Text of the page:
Holschneider AM, Pfrommer W. Gerresheim B, Results in the treatment of anorectal malformations with special regard to the histology of the rectal pouch. Eur J Pediatr Surg. 1994;4:303–9.CrossRefGoogle Scholar
  63. 63.
    Rintala R, Lindahl H, Marttinen E, et al. Constipation is a major functional complication after internal sphincter-saving posterior sagittal anorectoplasty for high and intermediate anorectal malformations. J Pediatr Surg. 1993;28:1054–8.CrossRefGoogle Scholar
  64. 64.
    Langemeijer RATM, Molenaar JC. Continence after posterior sagittal anorectoplasty. J Pediatr Surg. 1991;26:587–90.CrossRefGoogle Scholar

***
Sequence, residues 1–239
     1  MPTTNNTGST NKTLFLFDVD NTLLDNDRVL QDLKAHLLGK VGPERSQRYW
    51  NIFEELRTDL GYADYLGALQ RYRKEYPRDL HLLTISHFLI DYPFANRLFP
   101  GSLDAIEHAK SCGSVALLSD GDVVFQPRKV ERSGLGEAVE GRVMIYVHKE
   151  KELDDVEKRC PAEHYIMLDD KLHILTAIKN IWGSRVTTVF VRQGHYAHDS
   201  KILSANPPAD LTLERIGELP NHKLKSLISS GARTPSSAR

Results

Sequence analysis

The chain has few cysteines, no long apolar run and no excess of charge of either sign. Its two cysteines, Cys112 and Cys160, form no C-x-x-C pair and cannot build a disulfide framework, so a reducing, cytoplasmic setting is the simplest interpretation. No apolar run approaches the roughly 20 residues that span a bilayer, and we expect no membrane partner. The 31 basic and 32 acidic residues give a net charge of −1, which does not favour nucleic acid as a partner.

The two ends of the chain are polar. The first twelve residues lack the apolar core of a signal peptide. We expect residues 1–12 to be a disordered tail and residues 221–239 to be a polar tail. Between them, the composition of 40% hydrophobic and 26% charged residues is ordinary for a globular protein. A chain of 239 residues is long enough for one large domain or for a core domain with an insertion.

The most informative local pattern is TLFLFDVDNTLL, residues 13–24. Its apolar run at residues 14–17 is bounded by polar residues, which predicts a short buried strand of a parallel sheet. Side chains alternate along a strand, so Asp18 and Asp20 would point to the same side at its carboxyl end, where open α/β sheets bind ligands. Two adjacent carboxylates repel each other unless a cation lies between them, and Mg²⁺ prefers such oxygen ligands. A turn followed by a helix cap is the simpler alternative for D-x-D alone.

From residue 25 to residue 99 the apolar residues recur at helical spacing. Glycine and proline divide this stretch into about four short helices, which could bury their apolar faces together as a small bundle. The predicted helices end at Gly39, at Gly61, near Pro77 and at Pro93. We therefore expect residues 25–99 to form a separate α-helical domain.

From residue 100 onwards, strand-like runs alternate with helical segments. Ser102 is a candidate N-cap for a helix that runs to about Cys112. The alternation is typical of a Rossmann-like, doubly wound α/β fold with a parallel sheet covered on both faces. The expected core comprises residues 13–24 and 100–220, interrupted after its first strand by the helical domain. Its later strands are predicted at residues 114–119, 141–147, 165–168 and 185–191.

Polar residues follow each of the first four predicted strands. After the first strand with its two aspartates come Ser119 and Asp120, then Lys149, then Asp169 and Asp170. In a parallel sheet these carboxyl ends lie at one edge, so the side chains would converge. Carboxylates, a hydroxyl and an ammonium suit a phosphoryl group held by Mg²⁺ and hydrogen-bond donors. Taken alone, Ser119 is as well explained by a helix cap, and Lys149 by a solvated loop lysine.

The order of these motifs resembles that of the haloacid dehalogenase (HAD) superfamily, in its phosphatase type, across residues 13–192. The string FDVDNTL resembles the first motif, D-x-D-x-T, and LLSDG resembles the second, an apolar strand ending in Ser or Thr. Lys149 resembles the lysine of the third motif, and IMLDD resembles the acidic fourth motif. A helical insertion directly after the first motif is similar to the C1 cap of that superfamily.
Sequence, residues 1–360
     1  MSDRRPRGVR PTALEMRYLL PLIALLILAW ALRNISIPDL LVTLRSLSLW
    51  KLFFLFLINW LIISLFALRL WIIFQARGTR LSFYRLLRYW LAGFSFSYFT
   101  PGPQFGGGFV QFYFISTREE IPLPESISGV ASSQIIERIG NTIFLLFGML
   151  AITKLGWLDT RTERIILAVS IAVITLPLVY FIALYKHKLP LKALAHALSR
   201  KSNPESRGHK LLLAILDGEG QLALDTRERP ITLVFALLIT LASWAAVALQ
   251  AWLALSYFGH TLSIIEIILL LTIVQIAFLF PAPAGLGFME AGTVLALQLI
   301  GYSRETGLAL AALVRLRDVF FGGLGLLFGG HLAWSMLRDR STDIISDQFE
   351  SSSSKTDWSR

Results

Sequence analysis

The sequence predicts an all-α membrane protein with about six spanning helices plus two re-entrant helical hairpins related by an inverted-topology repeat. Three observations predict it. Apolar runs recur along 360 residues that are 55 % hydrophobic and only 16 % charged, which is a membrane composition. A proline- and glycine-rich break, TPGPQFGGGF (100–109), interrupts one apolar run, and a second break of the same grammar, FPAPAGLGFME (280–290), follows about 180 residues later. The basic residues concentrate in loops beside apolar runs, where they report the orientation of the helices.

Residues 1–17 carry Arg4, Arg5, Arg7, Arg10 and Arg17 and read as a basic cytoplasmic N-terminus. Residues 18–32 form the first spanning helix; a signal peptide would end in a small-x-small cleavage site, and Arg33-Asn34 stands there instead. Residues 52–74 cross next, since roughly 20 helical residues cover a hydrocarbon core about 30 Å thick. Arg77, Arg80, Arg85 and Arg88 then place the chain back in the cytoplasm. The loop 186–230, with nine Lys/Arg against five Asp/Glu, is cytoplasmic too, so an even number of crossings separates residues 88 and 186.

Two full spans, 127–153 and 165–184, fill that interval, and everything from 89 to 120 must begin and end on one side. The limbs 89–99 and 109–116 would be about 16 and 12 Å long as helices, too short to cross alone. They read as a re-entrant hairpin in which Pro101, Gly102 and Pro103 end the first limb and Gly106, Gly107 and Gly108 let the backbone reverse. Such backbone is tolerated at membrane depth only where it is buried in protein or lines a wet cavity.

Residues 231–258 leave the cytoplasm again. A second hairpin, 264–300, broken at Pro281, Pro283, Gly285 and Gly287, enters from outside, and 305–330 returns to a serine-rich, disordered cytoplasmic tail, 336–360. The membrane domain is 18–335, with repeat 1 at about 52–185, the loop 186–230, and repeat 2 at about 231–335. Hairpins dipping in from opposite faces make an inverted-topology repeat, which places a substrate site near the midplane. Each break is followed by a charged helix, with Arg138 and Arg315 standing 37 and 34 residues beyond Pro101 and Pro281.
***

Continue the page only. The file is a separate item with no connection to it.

65. 65.
    Rintala R, Marttinen E, Virkola K, et al. Segmental colonic motility in patients with anorectal malformations. J Pediatr Surg. 1997;32:453–6.CrossRefGoogle Scholar
  66. 66.
    Mulder W, de Jong E, Wauters I, et al. Posterior sagittal anorectoplasty: functional results of primary and secondary operations in comparison to the pull-through method in anorectal malformations. Eur J Pediatr Surg. 1995;5:170–3.CrossRefGoogle Scholar
  67. 67.
    Tuuha SE, Aziz D, Drake J, et al. Is surgery necessary for asymptomatic tethered cord in anorectal malformation patients? J Pediatr Surg. 2004;39:773–7.CrossRefGoogle Scholar
  68. 68.
    Breech L. Gynecologic concerns in patients with anorectal malformations. Semin Pediatr Surg. 2010;19:139–45.CrossRefGoogle Scholar
  69. 69.
    Rintala R, Mildh L, Lindahl H. Fecal continence and quality of life in adult patients with an operated low anorectal malformation. J Pediatr Surg. 1992;27:902–5.CrossRefGoogle Scholar
  70. 70.